Cypriot parliament wavers on revised bailout bill

Cyprus bank.jpg

The Cypriot Parliament is unlikely to approve a controversial levy on savings when it goes to the vote today (19 March), a government spokesman said. 

Breaking with previous practice that depositors' savings were inviolable, eurozone finance ministers announced over the weekend a one-off tax on Cypriot bank accounts would be imposed as part of a €10 billion bailout by the European Union.

The measure infuriated ordinary Cypriots, who staged noisy demonstrations in the capital, Nicosia.

A softer bill?

Cypriot and eurozone officials have since sought to soften the initially proposed levy of 6.75% on depositors of up to €100,000 and 9.9% above €100,000 in order to ease the burden on small savers and overcome lawmaker opposition.

But apparently the support for this bill was lost. The development comes after Cypriot President Nicos Anastasiades held talks with German Chancellor Angela Merkel and Russian President Vladimir Putin. 

Putin called the proposed levy "unfair, unprofessional and dangerous", and Moscow has expressed frustration Russia was not included in European decision-making on Cyprus.

The Parliament in Cyprus has postponed its vote twice already in an effort to build consensus in a fractious body where no party has an absolute majority. Three parties have said outright they will not support the tax.

The initial proposal sent the euro and stock markets down and has infuriated ordinary Cypriots who say they are being forced to pay the price of the country's banking crisis.

Guinea pigs

Stunned islanders emptied cash machines over the weekend and banks are to remain shut through Wednesday to avoid a bank run. Hundreds of protestors rallied outside parliament on Monday, honking horns and holding banners saying "We are not your guinea pigs!"

"If they vote for this tax they will face the fury of the people," said Markos Economou, a 47-year-old physics teacher and father of two. "The banks and the politicians should pay for this mess, not the people."

Seeking to overcome divisions within the government's own ranks, ministers were scrambling to ease the pain for small savers by tilting more of the tax towards those with deposits greater than €100,000.

Eurozone finance ministers were in favour of imposing a 15.6% levy on deposits of above €100,000 to help recapitalise Cyprus' financial sector while sparing depositors up to that level, officials told Reuters.

The government maintains that Cyprus has no choice but to accept the bailout with the levy on deposits, or go bankrupt.

A one-off measure?

While Brussels has emphasised that the measure is a one-off for a country that accounts for just 0.2% of European output fears have grown that savers in other, larger European countries become nervous and start withdrawing funds.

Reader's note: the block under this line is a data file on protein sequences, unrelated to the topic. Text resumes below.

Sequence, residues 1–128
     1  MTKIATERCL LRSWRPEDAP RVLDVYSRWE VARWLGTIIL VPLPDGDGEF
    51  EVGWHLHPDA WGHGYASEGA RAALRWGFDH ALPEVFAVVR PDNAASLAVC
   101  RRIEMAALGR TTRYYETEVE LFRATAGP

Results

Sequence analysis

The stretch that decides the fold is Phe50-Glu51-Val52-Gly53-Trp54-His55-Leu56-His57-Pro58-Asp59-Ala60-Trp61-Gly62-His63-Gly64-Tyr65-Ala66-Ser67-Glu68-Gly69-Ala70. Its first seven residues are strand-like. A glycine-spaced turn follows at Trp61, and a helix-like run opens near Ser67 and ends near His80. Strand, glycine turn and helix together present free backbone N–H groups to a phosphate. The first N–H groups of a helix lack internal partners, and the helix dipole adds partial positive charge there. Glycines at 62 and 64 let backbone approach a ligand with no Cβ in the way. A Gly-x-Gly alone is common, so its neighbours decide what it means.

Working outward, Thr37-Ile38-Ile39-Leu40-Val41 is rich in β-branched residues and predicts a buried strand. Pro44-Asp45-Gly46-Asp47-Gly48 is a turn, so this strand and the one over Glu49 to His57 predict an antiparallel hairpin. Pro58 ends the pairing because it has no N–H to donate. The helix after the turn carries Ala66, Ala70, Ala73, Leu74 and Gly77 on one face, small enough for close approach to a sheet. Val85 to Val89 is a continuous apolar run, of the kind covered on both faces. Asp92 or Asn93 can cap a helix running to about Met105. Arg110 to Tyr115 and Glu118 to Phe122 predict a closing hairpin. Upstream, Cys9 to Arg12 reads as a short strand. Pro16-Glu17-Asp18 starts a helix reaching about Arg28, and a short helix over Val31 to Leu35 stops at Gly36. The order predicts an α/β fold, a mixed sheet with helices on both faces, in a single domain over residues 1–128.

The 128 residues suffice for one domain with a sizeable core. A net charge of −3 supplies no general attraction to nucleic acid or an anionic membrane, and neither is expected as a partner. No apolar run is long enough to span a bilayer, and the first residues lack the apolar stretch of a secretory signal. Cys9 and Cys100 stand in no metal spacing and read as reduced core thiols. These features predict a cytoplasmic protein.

"If you're a small depositor in Cyprus you'll tell yourself that it would have been better to keep your money under the carpet than in a bank," said a French bank executive who declined to be named.

"And if you're a Greek, a Spaniard or an Italian, well, you'll tell yourself that you might be next."

Guy Verhofstadt, president of the Liberal ALDE Group in the European Parliament, reacted strongly against the proposed terms for the Cypriot adjustment programme, and said he will raise the issue when the European Parliament will debate the deal on Wednesday (20 March).

"Whatever happened to the fine rhetoric and commitments to greater transparency and accountability in financial structures? Is the EU not losing enough support already through measures which do not have the support of its citizens?"

Nicolas Veron, an expert in EU policy at the Peterson Institute for International Economics in Washington, said the "default on insured deposits" in Cyprus had undermined a central tenet of any such scheme.

"Clearly we don't have a banking union yet, even if we will have single supervision," he said. "Deposit guarantee is a central plank of that. I hope that lessons will be learned from this episode."

The entire island of Cyprus is officially EU territory, but the country is divided. Turkey, an EU candidate, doesn’t recognise the Republic of Cyprus and has occupied the northern part of the island since 1974.

Cyprus is heavily exposed to the Greek crisis and needs to salvage its banking system, which in recent years has become a haven for rich Russians.

Eight months of inconclusive talks on a bailout package have turned tiny Cyprus into a big headache for the eurozone, triggering fears of a financial collapse that reignites the bloc's debt crisis.

Nicos Anastasiades, who won a resounding victory in the February elections, promised to “restore the credibility of Cyprus”. He faces weeks of difficult talks with foreign lenders on a financial rescue for the nation. 

Subscribe to our newsletters